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THE GOLDEN DAYS OF MARK THE SHARK
Jerry Kirshenbaum
September 11, 1972
The Munich tabloid Abendzeitung referred to Mark Spitz last week as Mark der Hai, which may not have any special ring in the original but translates into the well-nigh perfect nickname of Mark the Shark. As Spitz emerged the hero of the Olympics, the same newspaper waxed indignant that the American swimmer had held aloft a pair of track shoes on one of his frequent trips to the victory stand. Before the matter was dropped, Olympic officials had summoned Spitz for a hearing, and he had showed up snappily attired in his U.S. parade uniform. What the International Olympic Committee wanted to know was whether Spitz was promoting the shoes for pay, a suspicion that would have been more justified if he had been holding up an outboard motor instead.
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September 11, 1972

The Golden Days Of Mark The Shark

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Consistent if unspectacular, King waited until the eighth dive to move ahead of Sweden's 17-year-old Ulrika Knape, who later won the platform competition and who wasn't even born when King took up the sport. Afterwards King, like all winners, had to submit to a drug-control urinalysis but, she said, "I couldn't go, so I had to wait around." When she finally left two hours later, she was alone with her gold medal. "I returned to the Olympic Village and had a chocolate drink," she said. "Three Australian weight lifters told me, 'A gold medalist shouldn't be drinking chocolate. We've got a bottle of wine.' " King and the appreciative Australians celebrated until one a.m.

The Schwimmhalle was the scene of other sentimental journeys to the victory stand. After a drought of gold medals dating back to 1960, Japanese swimmers took two of them, one going to Nobutaka Taguchi, who enshrouded himself in a sleeping bag for 50 minutes before the 100 breast stroke, explaining "It helps me concentrate," and then emerged to set a world record. Sweeter still were Gunnar Larsson's victories in the 200 and 400 individual medleys, Sweden's first golds since 1928. Larsson, who swam for Long Beach State, defeated American Tim McKee in the 400 by two one-thousandths of a second—4:31.981 to 4:31.983—but only after the electronic timer took agonizing minutes to separate the two. "There has to be a winner and loser even if it's two one-millionths," McKee said philosophically.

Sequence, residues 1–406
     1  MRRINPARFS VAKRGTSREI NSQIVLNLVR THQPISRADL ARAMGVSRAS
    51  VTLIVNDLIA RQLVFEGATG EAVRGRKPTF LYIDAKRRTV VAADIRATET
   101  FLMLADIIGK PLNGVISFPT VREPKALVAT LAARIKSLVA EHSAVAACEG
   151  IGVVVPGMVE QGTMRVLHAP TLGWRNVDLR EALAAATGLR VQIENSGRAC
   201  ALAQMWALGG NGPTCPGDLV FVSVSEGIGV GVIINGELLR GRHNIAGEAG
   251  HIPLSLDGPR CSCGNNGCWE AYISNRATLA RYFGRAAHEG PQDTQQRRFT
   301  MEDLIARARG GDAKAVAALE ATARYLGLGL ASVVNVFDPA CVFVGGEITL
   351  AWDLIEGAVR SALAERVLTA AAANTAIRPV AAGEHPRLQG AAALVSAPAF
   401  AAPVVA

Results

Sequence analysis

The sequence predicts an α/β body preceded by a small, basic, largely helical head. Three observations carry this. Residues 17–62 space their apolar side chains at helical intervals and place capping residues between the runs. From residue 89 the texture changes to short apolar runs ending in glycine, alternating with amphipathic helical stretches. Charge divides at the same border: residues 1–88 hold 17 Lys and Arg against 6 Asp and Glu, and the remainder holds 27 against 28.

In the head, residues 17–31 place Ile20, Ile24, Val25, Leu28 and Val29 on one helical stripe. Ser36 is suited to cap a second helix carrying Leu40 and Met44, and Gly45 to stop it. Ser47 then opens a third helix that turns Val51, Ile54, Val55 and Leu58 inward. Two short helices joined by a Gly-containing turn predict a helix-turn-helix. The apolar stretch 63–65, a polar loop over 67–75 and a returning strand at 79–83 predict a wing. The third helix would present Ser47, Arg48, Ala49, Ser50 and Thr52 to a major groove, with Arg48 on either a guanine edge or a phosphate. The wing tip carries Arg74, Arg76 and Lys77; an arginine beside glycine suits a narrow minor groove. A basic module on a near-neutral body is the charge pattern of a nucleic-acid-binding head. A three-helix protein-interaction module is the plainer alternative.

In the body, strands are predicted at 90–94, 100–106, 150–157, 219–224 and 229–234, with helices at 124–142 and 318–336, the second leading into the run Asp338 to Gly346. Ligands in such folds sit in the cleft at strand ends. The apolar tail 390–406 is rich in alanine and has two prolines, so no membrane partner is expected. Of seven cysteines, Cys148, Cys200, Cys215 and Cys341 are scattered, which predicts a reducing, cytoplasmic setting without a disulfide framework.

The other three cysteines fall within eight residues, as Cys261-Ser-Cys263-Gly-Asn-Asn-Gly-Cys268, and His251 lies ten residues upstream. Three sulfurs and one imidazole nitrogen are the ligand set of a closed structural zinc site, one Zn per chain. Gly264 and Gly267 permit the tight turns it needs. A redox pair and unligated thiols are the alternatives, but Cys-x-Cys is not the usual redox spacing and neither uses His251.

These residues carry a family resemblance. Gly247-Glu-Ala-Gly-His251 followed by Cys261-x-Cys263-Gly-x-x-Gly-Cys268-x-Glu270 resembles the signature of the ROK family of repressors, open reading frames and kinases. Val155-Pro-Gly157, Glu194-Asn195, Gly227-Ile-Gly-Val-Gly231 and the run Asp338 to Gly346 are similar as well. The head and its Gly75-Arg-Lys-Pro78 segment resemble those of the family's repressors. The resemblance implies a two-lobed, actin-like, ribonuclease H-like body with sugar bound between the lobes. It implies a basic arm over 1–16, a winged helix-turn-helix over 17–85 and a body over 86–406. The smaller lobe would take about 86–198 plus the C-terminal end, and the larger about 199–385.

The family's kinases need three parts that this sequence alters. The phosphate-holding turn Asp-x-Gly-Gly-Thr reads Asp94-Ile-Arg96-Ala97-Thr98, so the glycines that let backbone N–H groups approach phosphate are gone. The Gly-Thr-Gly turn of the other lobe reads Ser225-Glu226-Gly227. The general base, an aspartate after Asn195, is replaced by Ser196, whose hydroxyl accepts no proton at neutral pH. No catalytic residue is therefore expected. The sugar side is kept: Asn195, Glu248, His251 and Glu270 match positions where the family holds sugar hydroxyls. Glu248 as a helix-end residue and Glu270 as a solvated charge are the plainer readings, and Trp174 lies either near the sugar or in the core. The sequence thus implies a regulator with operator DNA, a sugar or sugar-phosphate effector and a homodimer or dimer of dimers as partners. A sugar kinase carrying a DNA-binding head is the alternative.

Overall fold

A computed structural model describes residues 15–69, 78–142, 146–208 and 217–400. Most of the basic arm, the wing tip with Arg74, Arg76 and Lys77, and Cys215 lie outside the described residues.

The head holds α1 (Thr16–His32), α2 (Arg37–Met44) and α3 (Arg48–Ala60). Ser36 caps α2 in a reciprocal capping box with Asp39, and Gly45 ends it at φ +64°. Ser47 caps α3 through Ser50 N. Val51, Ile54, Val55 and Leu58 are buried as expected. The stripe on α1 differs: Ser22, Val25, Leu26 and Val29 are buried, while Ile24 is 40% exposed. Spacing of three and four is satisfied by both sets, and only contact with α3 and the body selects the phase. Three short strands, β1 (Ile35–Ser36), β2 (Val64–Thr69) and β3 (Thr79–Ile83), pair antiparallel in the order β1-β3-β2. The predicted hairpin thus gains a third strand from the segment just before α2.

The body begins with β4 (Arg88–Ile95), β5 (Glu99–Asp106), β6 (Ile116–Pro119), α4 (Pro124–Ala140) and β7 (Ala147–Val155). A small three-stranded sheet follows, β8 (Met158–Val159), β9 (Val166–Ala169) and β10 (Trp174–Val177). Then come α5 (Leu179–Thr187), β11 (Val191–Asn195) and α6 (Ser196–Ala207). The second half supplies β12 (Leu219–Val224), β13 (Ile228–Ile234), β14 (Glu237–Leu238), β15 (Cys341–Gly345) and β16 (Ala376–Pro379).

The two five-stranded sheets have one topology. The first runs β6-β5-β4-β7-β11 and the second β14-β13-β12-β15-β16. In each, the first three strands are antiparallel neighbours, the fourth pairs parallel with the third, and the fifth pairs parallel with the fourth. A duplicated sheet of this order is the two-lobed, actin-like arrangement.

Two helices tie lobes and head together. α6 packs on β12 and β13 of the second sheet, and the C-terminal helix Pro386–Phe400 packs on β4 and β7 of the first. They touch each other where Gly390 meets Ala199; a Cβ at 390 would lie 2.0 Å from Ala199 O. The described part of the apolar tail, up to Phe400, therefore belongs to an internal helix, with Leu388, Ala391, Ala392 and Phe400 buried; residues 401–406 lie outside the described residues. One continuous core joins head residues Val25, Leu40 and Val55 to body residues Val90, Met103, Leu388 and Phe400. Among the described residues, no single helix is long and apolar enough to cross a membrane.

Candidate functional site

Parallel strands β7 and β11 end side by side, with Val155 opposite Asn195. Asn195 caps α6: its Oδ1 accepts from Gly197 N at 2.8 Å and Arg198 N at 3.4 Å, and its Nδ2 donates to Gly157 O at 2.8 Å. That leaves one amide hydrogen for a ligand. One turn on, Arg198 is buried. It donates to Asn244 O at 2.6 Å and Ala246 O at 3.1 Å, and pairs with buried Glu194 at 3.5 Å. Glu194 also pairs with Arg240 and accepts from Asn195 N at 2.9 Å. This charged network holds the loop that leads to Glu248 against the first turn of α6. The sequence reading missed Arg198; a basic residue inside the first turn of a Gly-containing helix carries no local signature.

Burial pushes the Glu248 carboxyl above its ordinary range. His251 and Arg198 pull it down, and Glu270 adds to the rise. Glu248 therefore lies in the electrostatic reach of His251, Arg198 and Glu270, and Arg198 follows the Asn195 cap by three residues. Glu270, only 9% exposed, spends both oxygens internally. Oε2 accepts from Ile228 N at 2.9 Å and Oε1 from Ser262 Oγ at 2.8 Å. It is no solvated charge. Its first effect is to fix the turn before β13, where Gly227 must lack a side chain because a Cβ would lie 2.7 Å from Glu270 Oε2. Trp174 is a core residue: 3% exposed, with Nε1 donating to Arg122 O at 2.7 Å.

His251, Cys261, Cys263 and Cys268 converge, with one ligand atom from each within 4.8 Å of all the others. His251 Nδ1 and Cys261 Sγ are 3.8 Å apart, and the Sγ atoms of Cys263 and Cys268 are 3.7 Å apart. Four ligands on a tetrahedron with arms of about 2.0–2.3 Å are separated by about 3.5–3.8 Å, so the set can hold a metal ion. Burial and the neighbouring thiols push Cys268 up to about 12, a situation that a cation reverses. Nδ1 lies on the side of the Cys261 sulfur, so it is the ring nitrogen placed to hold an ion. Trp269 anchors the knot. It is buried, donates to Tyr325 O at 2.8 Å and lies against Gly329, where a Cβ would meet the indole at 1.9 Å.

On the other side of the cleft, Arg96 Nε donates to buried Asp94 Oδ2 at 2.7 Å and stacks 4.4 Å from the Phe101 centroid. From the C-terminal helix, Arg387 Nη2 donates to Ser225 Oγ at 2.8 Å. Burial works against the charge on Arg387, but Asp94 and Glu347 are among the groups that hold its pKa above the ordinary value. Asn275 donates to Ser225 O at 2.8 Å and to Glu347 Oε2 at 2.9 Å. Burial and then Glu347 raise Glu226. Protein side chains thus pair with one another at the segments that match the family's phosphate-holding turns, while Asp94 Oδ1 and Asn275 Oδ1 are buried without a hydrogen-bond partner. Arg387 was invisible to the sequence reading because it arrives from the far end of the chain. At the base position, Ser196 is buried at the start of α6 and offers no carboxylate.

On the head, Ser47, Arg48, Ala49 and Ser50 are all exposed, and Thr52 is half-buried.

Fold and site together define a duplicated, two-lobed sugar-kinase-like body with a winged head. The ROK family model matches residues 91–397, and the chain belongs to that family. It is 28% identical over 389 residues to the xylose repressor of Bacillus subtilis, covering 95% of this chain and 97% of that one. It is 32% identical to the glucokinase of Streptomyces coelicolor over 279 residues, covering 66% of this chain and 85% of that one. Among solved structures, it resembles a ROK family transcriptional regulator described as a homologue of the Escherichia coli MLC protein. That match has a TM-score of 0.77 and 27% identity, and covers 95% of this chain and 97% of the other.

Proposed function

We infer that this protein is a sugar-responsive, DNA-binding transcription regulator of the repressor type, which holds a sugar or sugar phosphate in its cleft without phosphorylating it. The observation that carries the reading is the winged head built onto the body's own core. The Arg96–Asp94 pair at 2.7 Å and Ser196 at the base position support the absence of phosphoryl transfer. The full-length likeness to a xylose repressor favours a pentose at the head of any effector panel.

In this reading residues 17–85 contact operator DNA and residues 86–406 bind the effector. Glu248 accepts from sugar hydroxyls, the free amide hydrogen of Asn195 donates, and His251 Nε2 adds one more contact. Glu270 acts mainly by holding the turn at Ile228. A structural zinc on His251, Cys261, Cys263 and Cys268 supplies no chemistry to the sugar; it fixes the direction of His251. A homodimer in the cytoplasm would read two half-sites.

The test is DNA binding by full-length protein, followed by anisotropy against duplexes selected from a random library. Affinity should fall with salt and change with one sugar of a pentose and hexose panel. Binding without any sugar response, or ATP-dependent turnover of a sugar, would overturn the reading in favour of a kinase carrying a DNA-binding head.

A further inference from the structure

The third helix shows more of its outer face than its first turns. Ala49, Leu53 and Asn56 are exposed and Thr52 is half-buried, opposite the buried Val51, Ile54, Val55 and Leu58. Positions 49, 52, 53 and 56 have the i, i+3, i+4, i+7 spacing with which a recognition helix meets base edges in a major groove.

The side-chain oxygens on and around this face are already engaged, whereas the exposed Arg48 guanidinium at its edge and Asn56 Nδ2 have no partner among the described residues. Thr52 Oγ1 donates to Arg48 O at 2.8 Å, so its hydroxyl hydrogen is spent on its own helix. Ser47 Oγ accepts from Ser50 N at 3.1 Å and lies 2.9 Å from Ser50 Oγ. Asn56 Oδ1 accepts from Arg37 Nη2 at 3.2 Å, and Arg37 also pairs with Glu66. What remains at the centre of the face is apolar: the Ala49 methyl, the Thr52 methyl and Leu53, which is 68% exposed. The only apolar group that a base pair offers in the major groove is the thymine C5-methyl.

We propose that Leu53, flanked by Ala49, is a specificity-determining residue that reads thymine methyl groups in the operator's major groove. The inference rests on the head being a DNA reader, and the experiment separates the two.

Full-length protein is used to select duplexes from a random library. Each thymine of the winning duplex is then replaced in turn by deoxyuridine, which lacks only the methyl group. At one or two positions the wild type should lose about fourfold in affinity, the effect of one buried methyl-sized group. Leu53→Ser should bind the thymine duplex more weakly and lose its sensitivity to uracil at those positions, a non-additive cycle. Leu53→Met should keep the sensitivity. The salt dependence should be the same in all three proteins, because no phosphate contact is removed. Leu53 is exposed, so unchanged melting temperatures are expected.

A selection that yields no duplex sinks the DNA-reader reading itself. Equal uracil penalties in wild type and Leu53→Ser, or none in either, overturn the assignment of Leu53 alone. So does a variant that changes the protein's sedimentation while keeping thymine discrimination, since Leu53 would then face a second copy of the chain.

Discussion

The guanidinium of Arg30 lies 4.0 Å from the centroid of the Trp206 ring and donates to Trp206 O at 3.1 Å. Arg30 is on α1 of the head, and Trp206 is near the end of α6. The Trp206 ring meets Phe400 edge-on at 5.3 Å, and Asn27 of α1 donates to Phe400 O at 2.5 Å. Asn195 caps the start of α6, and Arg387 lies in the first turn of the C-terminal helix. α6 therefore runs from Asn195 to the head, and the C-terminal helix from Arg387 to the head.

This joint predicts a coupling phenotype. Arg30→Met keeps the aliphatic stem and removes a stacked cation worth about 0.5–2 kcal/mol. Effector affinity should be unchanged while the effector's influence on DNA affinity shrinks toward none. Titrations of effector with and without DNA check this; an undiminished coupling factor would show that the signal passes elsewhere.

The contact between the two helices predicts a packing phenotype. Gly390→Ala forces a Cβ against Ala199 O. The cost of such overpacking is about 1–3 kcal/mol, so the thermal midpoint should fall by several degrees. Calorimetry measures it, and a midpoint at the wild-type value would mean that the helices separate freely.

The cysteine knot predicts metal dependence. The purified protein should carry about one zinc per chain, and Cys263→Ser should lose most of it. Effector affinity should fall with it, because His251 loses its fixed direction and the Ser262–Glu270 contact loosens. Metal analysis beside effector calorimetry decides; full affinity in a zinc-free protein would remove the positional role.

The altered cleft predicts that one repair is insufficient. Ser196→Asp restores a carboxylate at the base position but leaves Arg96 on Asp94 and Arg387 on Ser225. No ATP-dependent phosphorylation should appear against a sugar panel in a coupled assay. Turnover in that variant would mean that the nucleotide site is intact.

The East German star, Matthes, gave a sly smile and an Oriental bow before handily winning his two backstroke specialties. Matthes also swam the 100 butterfly but had a bad start. After placing fourth behind Spitz, he assumed a nonchalance utterly inconsistent with the official East German line on athletics. "I'm not disappointed," Matthes said. "It's not really serious. It's just a sport."

The biggest threat to U.S. supremacy was Australia. Although the Aussie men were disappointing—Wenden, the gold medalist in the 100 and 200 freestyle in Mexico, finished well back in both events—Aussie girls paddled off with gold aplenty. They were led by Shane Gould, who had been expected to swim only the four freestyle events and two relays. Her personal coach, Forbes Carlile, was virtually alone in wanting her to add the 200 individual medley. Shane's butterfly and breaststroke had improved in recent months and other Australian officials finally agreed with Carlile, who had insisted, "The 200 IM is her best chance for gold."